Food is a wonderful tool for luring dogs because dogs like to sniff food, so when you move the food, your dog's nose usually follows. However, you want to end up with a dog that will listen to you when you don't have a food lure so start luring your dog with an empty hand and when they do what you've asked, give them a big reward to teach them that empty hands are worth following!


Dogs naturally pay attention to body language. They will learn to watch the movement of your body and they will quickly learn that when you hold and move your hand a certain way, it means that, if they Sit, they will get a reward. You can gradually modify the movement from the original motion you used when luring, into a Hand Signal. For Sit we suggest you hold one hand in front of you, palm up, and then lift your hand up and towards your body as you bend your elbow.


This one can be tricky because dogs do not naturally pay attention to spoken language. To get your dog to pay attention to the words you say, you'll first want to teach them that they should pay attention to any word that comes after their name, as it could be an instruction. Then, to teach them the word Sit you must remain perfectly still as you say "Sit" then wait half a second and then perform the hand signal they are familiar with. Do this enough times and they will learn to anticipate the hand signal when you say "Sit" and they will Sit before you perform the hand signal. When they do this, give them a BIG reward.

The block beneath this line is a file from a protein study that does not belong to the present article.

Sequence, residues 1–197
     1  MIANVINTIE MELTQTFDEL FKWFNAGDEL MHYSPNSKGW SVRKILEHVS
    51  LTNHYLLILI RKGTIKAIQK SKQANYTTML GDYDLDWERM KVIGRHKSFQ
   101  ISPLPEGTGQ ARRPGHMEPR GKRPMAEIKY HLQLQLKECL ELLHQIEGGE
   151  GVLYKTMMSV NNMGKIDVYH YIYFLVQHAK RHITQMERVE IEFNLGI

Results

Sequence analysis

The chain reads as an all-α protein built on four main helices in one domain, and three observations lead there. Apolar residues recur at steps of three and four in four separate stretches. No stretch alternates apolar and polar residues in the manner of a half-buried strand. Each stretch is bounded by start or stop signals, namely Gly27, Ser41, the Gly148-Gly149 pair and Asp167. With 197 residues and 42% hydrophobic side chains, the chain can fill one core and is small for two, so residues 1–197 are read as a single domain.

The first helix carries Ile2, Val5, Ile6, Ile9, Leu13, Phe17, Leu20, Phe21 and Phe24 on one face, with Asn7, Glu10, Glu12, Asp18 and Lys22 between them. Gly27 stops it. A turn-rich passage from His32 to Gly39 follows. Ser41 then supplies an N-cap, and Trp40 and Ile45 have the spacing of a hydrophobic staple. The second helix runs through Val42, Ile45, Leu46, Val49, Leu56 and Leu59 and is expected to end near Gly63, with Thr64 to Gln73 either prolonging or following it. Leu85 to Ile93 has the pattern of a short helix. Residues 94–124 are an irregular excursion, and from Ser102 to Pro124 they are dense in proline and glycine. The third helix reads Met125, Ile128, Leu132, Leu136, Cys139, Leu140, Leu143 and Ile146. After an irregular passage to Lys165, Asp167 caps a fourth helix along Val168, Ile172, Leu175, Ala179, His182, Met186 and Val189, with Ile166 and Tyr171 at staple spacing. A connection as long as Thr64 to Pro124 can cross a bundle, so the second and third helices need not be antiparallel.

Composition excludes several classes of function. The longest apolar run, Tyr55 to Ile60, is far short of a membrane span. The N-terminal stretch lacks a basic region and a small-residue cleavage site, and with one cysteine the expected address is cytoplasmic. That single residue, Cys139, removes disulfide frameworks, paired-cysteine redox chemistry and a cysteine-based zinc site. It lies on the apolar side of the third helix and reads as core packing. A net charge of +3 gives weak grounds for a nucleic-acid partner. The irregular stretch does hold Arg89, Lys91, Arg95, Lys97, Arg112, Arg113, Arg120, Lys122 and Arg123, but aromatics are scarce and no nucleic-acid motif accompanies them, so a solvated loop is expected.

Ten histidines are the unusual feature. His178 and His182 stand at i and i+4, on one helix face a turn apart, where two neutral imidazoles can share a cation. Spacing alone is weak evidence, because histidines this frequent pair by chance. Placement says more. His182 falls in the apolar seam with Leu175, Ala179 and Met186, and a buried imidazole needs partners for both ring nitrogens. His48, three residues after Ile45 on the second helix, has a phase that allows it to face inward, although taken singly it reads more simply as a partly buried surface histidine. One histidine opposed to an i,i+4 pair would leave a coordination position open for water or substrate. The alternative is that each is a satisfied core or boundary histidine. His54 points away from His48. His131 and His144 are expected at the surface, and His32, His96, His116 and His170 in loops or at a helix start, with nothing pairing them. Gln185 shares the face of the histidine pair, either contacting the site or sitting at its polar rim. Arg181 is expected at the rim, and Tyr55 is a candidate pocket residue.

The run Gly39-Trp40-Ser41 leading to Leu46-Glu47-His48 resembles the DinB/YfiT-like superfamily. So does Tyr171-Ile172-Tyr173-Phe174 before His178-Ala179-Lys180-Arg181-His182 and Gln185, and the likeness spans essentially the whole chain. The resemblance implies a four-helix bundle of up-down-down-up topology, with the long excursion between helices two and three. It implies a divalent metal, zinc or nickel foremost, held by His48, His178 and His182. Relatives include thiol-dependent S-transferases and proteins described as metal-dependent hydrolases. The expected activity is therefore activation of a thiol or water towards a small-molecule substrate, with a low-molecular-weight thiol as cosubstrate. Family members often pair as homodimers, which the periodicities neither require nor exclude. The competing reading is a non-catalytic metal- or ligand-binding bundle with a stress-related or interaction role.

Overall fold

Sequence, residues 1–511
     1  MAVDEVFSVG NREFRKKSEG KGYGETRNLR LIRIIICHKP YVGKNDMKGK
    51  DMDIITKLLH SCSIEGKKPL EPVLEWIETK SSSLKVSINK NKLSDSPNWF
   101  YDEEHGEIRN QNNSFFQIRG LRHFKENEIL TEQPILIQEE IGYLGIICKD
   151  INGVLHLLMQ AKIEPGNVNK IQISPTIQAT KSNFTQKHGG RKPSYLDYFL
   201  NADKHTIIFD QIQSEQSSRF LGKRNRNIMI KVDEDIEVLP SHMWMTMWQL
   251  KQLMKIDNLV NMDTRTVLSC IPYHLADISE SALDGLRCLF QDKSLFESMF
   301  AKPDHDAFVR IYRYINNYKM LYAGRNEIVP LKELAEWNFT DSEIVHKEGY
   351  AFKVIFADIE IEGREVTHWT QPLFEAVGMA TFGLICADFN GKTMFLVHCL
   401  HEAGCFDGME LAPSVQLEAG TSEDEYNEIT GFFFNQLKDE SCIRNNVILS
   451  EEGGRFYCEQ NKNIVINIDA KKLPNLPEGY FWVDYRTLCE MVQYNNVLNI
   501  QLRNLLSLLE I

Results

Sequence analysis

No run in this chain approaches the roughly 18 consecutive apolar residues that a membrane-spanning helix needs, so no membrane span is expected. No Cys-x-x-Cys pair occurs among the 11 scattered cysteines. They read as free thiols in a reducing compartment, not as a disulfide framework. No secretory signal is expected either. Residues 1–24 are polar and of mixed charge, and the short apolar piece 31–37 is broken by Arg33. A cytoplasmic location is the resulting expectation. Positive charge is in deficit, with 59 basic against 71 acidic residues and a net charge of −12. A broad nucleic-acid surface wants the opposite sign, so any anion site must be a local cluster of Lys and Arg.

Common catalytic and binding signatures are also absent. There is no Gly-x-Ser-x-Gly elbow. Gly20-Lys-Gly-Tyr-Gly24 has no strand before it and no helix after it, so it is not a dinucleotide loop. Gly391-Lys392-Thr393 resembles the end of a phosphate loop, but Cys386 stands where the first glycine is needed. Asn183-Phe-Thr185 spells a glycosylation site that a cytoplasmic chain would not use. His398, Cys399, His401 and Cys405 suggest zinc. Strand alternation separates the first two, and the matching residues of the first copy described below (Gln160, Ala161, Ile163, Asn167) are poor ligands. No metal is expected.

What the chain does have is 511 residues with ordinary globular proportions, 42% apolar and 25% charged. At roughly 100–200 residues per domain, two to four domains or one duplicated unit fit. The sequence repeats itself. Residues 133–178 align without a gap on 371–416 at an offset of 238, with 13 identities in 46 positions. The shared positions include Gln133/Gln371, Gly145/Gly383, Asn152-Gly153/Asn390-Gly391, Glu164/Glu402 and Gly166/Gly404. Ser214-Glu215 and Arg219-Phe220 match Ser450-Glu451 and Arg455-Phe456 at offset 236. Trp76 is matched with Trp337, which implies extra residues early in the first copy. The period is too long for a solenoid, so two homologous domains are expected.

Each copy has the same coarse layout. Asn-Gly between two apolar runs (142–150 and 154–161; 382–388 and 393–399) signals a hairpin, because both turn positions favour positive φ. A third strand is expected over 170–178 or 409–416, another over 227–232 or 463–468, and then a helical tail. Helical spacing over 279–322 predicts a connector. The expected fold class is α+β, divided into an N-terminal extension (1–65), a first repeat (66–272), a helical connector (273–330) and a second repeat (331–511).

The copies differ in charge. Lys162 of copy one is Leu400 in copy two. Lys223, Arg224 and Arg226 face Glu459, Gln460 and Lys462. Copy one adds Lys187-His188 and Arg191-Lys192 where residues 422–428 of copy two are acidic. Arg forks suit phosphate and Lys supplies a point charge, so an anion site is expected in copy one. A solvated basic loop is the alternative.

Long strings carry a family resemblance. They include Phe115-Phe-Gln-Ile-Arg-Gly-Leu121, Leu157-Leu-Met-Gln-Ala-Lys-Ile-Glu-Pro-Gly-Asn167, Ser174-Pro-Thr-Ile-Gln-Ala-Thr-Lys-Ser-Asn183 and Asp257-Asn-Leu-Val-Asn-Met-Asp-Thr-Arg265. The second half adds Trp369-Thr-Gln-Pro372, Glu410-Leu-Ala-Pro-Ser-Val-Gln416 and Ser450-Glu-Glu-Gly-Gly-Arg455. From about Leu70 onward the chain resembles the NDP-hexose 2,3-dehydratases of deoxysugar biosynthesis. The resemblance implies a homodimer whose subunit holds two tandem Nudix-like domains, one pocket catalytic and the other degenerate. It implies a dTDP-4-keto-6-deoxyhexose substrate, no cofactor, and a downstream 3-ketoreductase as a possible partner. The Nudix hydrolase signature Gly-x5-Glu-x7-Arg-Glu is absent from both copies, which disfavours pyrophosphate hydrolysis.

You shouldn't reward your dog every time they Sit when you ask. It might seem counterintuitive but you will actually improve their motivation if you only reward some of the time. Start asking your dog to perform several behaviors in a row before giving them a treat, or ask your dog to remain in Sit-Stay for a longer period of time before giving the treat. If you always reward your dog with a treat for every sit right away, they will come to expect and depend on that, and it will be difficult to get your dog to do anything without a treat on hand.